Two weeks after they submitted this list and a letter to the insurance company, they hadn’t heard a response.
Shortly after, they received a call from Scott Gleitz, North Star Mutual Insurance Co. special investigator, who was the adjuster’s supervisor.
Gleitz told them the adjuster had been having some personal problems and that the company was going to issue another check for about $8,800 for building repairs. He said he wanted to come out and view the damaged property again.
Mike said because the adjuster had already seen the property, he said he and Deb had already disposed of many of their destroyed or damage items.
They burned the items that could be burned and trashed the other items.
He said he told Gleitz that he and Deb had already disposed of much of the damaged property but that the adjuster had taken pictures.
Gleitz reportedly still wanted to come out and talk about the personal property list and told the couple he wanted them to go to the law enforcement center to complete an examination under oath about their damaged property. It would take about four hours, Hayes estimated.
Mike said he felt the insurance company was looking for excuses about why they could not pay on the claim as it should. After all, the company had photos of the damaged property.
Plus, having to go into the law enforcement center would cause Mike to have to give up one truck haul, which brings in revenue of about $3,000, and for Deb to leave work, which would cause them to lose income as well, he said.
He said he threw his hands up in the air out of frustration.
Gleitz also said in a letter to the Hayeses that because of the ongoing dispute in the matter the company has issued a stop payment on the $8,800 check.
“Amounts determined to be owed to you under the terms of the policy will be paid in future checks, but only after you have fulfilled the duties outlined in the policy, and an agreement on the amount of damages is reached,” the letter states.
It noted that the examination under oath is one of the couple’s duties under their policy.
“They have no problem accepting the check for the premium, but when they need to pay us for damages,” Mike said. “I’m at the point where I’m willing to take the loss.”
He said he sent the company a letter Sept. 13 voicing his frustrations and ultimately firing the company.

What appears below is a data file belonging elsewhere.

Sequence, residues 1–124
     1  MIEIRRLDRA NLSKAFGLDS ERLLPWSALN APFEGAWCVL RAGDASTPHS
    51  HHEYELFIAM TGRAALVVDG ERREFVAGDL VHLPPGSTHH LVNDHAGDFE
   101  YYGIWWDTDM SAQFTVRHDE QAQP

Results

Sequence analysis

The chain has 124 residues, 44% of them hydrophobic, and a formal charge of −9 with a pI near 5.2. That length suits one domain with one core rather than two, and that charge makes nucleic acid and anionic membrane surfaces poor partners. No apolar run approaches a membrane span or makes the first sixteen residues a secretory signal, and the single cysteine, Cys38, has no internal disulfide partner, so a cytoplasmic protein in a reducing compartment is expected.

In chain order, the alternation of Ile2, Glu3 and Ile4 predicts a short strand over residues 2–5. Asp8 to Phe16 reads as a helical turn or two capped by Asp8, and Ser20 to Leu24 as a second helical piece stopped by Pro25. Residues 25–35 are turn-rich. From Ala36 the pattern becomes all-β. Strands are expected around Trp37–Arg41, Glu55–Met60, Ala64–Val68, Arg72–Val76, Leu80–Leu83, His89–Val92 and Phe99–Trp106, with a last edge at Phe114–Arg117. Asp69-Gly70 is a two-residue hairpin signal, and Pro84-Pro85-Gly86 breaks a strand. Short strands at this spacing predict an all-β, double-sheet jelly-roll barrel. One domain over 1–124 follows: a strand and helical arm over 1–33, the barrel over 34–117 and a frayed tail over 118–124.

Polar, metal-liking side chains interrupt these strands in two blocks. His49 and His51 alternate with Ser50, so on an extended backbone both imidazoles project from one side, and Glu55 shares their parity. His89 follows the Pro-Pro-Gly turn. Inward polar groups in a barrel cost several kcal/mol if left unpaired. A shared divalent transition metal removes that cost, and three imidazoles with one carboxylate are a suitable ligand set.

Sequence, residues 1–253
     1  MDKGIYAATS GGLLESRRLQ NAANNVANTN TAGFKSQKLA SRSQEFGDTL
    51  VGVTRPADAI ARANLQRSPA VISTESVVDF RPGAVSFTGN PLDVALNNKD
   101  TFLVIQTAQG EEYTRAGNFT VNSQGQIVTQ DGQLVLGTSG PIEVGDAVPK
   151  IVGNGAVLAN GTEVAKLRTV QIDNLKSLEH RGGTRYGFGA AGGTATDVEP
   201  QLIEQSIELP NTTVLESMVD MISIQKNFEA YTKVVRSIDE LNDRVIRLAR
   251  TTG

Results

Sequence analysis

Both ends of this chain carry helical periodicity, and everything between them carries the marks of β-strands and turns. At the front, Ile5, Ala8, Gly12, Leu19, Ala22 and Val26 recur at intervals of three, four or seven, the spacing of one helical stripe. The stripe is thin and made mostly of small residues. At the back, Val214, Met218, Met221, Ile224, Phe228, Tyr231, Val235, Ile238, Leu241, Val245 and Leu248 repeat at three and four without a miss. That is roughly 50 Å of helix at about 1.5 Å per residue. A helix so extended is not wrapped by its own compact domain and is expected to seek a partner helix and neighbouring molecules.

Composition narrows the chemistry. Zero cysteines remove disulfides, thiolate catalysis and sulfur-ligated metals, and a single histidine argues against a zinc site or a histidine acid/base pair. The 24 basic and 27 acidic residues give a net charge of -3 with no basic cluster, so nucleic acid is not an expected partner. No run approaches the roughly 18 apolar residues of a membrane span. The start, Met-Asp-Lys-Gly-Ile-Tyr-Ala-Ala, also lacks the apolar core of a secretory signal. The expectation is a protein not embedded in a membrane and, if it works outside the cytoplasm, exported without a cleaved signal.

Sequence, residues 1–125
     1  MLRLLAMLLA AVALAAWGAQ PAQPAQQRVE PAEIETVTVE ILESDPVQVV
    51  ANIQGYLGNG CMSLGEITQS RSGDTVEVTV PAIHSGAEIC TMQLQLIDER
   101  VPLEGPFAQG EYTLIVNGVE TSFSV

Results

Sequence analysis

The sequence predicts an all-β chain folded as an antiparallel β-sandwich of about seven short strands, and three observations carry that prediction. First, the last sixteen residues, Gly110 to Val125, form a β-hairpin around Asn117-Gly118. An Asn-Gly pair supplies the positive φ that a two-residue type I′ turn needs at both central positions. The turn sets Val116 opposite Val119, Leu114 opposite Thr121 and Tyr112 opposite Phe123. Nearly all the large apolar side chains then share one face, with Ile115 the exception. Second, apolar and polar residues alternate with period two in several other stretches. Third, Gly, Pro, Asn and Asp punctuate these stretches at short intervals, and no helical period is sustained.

In a letter dated Sept. 20 from North Star, Gleitz responded that he took Mike’s letter to mean that the couple was unwilling to submit to an examination under oath and that refusing to appear constitutes a breach of the contractual duties.
“Unless we receive confirmation in the next 10 days that you are willing to appear for questioning, no further payment will be made, or considered, with respect to this claim,” the letter states.
The Hayeses said they question why a dispute over personal property would affect a check for building repairs.
Gleitz said the investigation into the Hayeses’ case is ongoing.
“Our file is open,” Gleitz said. “We have been waiting for them to comply with our investigation.”
He said the examination under oath is an investigative tool that is used quite often.
He also noted that there are investigations open with other agencies as well on the matter.
“This story is long from over,” he said.
He said North Star has dealt with thousands of claims related to weather damages in southern Minnesota this summer, noting that he was limited on what he could say about the Hayeses’ specific case because of data privacy regulations.
He added he presumes the company still possesses all the photos taken by the adjuster but doubts if it has any taken by the agent. He said the agent has no obligation to forward his or her photos on, but if they do take photos, they usually send them with the original notice of the loss.
“If the agent took photos, I certainly never received them,” Gleitz said.
In the meantime, Mike said he and his wife just want to get their lives back in order.
“I want to be able to move on and have the tornado be a part of the past,” he said.
They plan to find a new insurance company and a new agent.
“We know so many people who have fought and fought with insurance companies,” Deb said. “We’re going to get through this fine, but why should you have to struggle with the insurance like this?”
Other than this conflict, the Hayeses said they have received “overwhelming” support from the community and wanted to thank the Salvation Army, the American Red Cross, friends, family and even strangers for their assistance.